Law enforcement and EMS in NJ have administered naloxone 27,442 times over the last two years

The Murphy Administration is using innovative strategies to increase access to naloxone through multi-agency efforts including free distribution of the life-saving antidote, increasing Medicaid access to opioid addiction treatment, and authorizing paramedics to carry buprenorphine, an oral medication used to mitigate severe opioid withdrawal symptoms after a naloxone reversal.

The CDC today underscored the importance of naloxone as a tool in addressing opioid overdoses nationally with data from their latest Vital Signs study. There were more than 3,100 overdose deaths in New Jersey last year.

Law enforcement and EMS have administered naloxone 27,442 times over the last two years.

And, in what is believed to be the largest single-day public distribution of free naloxone in the country, on June 18th of this year, the Department of Human Services distributed more than 32,000 free doses of naloxone in one day to 16,000 New Jersey residents to help them be prepared to respond to an overdose.

“Expanding access to naloxone is a key part of the Murphy Administration’s strategy to save lives and combat the opioid epidemic,” New Jersey Department of Human Services Commissioner Carole Johnson said. “Parents, friends, and neighbors from across the state came out on our Free Naloxone Day to be part of the solution and are now better prepared to stop overdoses and save lives.”

Commissioner Johnson also noted that the Murphy Administration has increased access to medication-assisted treatment (MAT) – the clinical standard for treating opioid addiction – by removing Medicaid prior insurance authorization requirements for treatment, improving Medicaid payment for MAT, and increasing training for health care providers to offer MAT.

Since the Fall of 2017, the number of standing orders issued by the Department of Health to dispense naloxone without a prescription has steadily increased. The Department has issued 590 standing orders, which covers more than 1,000 pharmacists working at about 450 pharmacies around the state. Changes in the law in 2017 allowed any state-licensed pharmacist in good standing to apply for a standing order from the Department of Health to dispense the antidote.

“Standing orders allow pharmacists to dispense naloxone to individuals at risk of an overdose or to an individual who wants to administer it to a loved one or someone in an emergency,” said New Jersey Department of Health Acting Commissioner Judith Persichilli. “Naloxone is part of the Department of Health’s Harm Reduction Strategy, which is an evidence-based public health tool to prevent overdose deaths and support individuals with substance use disorder by addressing their health and social needs.”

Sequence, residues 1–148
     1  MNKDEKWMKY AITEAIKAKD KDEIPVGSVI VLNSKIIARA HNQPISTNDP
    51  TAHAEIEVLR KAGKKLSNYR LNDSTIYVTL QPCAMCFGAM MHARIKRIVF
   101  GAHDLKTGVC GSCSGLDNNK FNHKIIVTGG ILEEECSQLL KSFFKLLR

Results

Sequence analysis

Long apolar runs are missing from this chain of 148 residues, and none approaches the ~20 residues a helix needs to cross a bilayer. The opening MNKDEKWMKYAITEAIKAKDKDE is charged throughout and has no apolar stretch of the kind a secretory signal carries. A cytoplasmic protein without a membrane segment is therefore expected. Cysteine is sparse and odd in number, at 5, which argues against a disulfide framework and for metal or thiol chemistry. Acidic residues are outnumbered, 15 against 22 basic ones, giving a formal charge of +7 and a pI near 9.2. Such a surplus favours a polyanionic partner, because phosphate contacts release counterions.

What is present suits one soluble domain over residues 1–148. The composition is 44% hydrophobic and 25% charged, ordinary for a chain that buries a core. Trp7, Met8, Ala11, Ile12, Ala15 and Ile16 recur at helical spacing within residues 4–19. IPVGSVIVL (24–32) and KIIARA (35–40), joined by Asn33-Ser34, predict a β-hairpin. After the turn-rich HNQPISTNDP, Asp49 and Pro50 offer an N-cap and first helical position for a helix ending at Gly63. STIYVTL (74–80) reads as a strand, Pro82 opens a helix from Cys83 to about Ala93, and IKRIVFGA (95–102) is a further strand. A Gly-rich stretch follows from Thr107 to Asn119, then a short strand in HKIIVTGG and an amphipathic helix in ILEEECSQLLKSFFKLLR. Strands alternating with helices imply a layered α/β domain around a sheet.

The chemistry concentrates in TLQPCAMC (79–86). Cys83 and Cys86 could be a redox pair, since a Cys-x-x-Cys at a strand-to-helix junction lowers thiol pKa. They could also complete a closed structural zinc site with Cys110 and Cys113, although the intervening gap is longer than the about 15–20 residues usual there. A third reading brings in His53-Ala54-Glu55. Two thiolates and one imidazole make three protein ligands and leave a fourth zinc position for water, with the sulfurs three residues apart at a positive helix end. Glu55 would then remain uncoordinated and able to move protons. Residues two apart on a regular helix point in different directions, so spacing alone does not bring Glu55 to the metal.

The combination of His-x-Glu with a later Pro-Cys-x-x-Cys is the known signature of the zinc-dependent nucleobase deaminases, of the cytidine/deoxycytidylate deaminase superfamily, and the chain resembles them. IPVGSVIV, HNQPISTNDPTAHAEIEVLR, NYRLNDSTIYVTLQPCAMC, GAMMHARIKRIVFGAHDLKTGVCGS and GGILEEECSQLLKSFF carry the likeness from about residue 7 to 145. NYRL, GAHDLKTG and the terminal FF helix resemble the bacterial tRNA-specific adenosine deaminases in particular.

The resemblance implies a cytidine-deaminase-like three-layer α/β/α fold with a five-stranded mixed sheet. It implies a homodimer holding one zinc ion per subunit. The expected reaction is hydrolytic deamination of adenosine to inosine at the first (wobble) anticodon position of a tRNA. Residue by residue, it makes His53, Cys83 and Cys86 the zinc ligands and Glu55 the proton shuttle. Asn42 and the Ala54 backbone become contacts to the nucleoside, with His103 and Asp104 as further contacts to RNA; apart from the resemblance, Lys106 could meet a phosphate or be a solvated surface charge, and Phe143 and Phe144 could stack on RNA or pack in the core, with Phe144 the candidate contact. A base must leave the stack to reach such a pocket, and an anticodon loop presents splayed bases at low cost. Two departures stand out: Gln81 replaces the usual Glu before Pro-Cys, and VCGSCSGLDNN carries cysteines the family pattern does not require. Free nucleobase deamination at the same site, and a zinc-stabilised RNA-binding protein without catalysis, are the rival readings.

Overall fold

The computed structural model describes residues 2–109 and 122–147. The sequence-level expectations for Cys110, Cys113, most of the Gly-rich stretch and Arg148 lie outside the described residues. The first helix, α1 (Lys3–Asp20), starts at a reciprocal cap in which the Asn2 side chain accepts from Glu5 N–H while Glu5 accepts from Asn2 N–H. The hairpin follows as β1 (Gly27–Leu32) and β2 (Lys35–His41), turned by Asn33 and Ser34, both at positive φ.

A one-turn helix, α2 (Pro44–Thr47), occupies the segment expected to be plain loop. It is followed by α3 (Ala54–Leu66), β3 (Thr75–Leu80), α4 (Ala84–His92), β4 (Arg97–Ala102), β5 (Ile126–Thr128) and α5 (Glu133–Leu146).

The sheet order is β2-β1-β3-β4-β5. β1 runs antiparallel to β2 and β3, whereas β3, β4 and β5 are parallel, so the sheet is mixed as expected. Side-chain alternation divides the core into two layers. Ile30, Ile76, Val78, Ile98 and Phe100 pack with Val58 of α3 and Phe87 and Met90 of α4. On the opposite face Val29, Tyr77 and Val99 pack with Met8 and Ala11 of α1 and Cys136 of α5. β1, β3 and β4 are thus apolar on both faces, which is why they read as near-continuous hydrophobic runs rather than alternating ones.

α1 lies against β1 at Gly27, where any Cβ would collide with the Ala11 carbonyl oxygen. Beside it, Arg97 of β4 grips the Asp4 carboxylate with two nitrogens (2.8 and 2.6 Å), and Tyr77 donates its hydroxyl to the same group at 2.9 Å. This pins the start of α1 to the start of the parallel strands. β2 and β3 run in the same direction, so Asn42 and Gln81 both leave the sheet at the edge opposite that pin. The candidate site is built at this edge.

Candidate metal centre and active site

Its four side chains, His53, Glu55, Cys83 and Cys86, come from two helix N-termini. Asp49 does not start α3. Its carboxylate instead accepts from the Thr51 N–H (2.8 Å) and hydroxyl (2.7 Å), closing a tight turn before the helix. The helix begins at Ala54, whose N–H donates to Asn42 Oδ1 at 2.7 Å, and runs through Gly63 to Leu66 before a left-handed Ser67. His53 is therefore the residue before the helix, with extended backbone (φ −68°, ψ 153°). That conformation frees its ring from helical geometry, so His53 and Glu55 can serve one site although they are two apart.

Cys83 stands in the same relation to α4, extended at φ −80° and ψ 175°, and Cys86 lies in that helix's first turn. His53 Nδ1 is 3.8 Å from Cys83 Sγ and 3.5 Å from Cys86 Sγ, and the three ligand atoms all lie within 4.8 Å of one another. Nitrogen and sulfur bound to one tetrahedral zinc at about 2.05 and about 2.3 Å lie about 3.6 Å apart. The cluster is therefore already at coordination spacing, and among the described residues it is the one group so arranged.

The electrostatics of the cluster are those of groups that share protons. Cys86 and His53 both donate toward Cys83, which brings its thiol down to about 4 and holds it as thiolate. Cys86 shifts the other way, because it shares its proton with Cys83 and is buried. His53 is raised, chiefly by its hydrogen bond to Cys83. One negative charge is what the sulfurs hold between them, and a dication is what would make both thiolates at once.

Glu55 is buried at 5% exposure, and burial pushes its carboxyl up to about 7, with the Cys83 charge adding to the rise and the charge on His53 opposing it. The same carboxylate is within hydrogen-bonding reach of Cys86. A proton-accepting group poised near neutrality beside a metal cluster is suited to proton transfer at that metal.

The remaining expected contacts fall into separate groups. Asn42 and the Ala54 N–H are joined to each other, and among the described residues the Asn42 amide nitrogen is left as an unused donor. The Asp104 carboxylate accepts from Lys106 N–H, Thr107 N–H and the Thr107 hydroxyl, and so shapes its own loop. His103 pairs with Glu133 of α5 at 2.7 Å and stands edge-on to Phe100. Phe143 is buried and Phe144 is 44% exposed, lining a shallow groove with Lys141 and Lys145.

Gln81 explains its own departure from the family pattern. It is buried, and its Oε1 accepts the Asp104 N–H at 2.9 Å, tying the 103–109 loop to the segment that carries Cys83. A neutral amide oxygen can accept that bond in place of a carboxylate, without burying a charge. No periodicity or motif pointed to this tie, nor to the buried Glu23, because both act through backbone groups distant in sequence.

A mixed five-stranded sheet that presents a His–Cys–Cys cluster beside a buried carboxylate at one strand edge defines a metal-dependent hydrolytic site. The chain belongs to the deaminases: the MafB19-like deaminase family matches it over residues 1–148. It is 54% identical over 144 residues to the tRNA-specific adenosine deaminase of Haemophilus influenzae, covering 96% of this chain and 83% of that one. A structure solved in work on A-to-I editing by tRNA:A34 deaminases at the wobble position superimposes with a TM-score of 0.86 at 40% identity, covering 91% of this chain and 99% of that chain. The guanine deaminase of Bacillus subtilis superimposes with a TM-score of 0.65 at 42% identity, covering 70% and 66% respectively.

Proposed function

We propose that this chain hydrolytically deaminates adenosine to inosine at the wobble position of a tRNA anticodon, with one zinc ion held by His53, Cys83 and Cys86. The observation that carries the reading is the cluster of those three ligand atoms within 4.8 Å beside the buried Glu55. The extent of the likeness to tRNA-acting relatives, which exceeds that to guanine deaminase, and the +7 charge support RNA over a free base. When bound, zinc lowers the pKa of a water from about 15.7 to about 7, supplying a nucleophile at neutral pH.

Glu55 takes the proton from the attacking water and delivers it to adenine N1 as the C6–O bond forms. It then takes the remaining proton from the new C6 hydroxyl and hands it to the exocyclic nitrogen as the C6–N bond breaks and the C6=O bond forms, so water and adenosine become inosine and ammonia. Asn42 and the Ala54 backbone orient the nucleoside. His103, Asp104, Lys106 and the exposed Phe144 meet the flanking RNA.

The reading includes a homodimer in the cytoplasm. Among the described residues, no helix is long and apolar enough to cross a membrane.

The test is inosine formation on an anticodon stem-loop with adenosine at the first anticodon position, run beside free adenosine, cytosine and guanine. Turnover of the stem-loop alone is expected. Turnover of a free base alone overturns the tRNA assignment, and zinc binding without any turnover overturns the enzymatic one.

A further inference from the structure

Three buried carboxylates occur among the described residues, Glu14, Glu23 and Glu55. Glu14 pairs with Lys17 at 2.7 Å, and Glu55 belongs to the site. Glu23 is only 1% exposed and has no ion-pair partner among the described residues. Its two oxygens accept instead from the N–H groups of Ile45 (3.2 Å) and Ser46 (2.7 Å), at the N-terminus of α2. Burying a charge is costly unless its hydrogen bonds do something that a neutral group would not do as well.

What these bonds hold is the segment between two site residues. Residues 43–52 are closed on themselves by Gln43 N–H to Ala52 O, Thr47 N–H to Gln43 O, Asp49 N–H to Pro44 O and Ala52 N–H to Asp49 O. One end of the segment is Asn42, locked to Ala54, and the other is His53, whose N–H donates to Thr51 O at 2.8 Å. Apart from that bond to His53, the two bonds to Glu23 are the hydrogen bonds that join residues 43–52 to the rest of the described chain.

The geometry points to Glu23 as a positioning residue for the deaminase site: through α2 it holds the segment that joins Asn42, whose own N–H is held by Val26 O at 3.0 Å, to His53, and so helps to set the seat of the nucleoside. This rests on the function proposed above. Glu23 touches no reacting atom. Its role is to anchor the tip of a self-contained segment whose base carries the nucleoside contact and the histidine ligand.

Many of our major chain grocery stores and pharmacies like Shop Rite, Wegman’s, Costco, CVS, and Rite Aid participate in the program. Opioid Overdose Prevention Programs and all seven Harm Reduction Centers also dispense naloxone without a prescription.

In addition, on June 24, the Health Commissioner issued an Executive Directive allowing the medical directors of the state’s 21 Mobile Intensive Care Unit (MICU) programs to authorize paramedics to carry buprenorphine, an oral medication used to mitigate what can be severe symptoms of opioid withdrawal after a Naloxone reversal. The MICU programs can—but are not required to—stock the medication as part of the approved list (formulary) of drugs they can administer.

The administration seeks to continue to pursue a data driven response to ensure that those who need naloxone the most are getting it with NJ Opioid Data Dashboard and NJ CARES providing information on naloxone data distribution across the state.

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2 COMMENTS

  1. If you read the press in NJ you would think the biggest problem is the overgrowth of the jewish population and other Lakewood’s issues.

    If you listen to the governor, you would think Trump is NJ’s biggest issue.

    Yet the one issue that is 100% in control of the locals, and they can’t control it. Giving out Narcan saves lives, but only extends the problem. If all these 32k people would’ve died, there would be 32k less customers for the drug pushers. We are keeping drug pushers in business.

    We need to end drug distribution, get addicts into rehab, and provide them a life. If we offered these addicts the same that we offer “undocumented’ immigrants, ie; housing, free college, healthcare, legal help, and more; we would not need to give out so much narcan.

    They can blame all they want, but they can’t clean up their own mess.

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